In the 1980s, he headed the al-Dawa Party in Britain, becoming part of its executive leadership. During that time, two of his brothers were arrested for being members of the party and eventually died in prison.

Although al-Abadi’s exile was self-imposed, it almost certainly kept him out of Iraq’s prisons where he may have faced the same fate as his brothers. Little information is available about his personal life, but the website of the Iraqi embassy in the US says that he is married and has three children.

Return to Iraq

Upon his return home in 2003, al-Abadi became minister of communications in the Iraqi Governing Council (IGC). He continuously opposed the privatization plans of Iraq’s state-owned enterprises by the Coalition Provision Authority (CPA) – a transitional government headed by a senior American diplomat that was established following the US invasion in March 2003 – which for 14 months vested itself with executive, legislative and judicial authority over the IGC.

The CPA’s most disastrous decision was to order the dissolution of the Iraqi armed forces. This left thousands of soldiers angry and unemployed and pushed many of them to join the ranks of militant groups, fuelling the Iraqi conflict for years to come.

Between January and December 2005, al-Abadi served as an adviser to the prime minister in the first elected government. He was elected to parliament in 2005 and 2010 and chaired the Parliamentary Committee for Economy, Investment and Reconstruction. In 2013, he chaired the Finance Committee and was at the centre of a parliamentary dispute over the allocation of the 2013 budget – a contentious topic that ended up exploding the Iraqi Kurdistan independence referendum and the consequences that followed.

Prime Minister

Abadi had long been tipped as a potential prime minister and was in contention for the top job in both 2006 and 2010. Politicians and analysts generally agreed that he was a less divisive figure than al-Maliki, which was the prerequisite for much needed change in the country. However, his name would probably not have been put forward without the approval of Iran, which remains the most influential regional player in Iraqi politics.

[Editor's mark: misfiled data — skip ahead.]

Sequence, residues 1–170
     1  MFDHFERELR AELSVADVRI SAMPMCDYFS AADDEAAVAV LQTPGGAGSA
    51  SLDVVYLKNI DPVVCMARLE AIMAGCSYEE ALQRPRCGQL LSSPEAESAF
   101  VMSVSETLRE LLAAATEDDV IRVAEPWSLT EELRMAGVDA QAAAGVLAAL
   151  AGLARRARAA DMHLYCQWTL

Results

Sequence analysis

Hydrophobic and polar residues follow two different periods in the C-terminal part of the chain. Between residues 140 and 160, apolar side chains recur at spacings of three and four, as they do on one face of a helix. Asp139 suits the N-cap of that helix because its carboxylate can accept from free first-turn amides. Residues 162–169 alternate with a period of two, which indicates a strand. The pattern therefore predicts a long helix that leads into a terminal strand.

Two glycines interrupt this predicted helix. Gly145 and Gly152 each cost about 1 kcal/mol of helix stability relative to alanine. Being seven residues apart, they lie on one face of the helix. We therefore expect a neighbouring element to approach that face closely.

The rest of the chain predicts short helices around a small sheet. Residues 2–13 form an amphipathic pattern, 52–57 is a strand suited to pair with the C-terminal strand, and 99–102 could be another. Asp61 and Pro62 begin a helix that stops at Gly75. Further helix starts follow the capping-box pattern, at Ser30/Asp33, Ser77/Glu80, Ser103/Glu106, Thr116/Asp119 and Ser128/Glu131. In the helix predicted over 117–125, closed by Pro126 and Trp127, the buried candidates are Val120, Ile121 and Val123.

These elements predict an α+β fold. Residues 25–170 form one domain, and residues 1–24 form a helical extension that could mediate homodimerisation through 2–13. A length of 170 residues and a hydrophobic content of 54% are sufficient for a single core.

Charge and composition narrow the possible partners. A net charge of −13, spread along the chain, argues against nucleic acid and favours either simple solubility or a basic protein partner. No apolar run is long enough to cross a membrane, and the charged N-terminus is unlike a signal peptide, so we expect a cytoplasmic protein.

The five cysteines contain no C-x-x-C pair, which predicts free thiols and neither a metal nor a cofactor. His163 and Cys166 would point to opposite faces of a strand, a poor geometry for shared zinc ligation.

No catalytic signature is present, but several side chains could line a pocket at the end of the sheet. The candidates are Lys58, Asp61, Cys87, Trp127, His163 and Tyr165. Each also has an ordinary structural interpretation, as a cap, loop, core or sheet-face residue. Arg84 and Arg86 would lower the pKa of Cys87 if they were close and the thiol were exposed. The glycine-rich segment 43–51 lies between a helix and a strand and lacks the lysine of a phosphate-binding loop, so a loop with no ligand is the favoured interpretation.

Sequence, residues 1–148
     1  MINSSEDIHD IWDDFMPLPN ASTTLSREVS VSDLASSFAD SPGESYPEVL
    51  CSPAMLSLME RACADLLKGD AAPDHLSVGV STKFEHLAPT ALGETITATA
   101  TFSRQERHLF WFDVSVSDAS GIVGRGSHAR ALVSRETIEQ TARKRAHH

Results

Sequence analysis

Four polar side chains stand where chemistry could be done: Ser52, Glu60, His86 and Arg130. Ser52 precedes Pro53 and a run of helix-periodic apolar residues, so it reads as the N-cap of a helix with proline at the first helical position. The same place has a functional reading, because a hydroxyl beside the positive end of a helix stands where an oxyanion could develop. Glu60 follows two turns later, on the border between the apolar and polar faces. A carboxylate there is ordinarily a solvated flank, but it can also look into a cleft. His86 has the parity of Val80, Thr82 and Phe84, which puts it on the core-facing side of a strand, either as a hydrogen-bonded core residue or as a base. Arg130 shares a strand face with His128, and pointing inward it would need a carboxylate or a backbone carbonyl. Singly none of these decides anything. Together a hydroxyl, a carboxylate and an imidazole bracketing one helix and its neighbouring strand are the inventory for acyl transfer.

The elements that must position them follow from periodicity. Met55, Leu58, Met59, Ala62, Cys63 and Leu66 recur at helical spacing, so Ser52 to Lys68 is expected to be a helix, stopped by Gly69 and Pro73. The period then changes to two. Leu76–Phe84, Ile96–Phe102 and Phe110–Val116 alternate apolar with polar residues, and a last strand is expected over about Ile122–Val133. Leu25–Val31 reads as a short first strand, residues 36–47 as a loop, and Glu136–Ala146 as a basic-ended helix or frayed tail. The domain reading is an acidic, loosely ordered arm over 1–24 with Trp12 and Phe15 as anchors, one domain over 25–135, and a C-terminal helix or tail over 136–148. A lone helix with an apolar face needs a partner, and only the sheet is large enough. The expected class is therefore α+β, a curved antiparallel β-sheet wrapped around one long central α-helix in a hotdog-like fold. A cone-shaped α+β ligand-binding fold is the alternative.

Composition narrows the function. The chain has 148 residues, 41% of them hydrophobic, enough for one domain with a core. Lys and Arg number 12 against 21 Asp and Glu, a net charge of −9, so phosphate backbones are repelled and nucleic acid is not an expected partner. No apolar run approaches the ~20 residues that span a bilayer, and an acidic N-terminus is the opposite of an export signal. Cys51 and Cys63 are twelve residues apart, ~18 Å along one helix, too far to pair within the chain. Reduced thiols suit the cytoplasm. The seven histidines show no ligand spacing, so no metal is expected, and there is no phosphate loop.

On 24 July 2014, Fouad Maasoum became the new president of Iraq. He, in turn, nominated al-Abadi for prime minister on 11 August 2014. For the appointment to take effect, al-Abadi was required to form a government to be confirmed by parliament within 30 days. He succeeded in doing so on 8 September, and the parliament approved it alongside his political programme.

In a country grappling with sectarian conflict and the encroaching threat of IS, al-Abadi quickly set about increasing Sunni participation in the government. He appointed Khaled al-Obaidi, a prominent Sunni politician from Mosul, as his defence minister. In December 2014, al-Abadi forged a new revenue-sharing agreement with the Kurds, under which Baghdad agreed to pay the Kurdistan Regional Government (KRG) half of all income from Kurdish-controlled oilfields. The widespread corruption that had marred the al-Maliki years and led to the fall of Mosul to IS was also targeted. As part of his anti-corruption crackdown, al-Abadi announced that 50,000 ‘ghost soldiers’ – men on the army’s payroll who never showed up for duty – had been identified and would no longer be paid.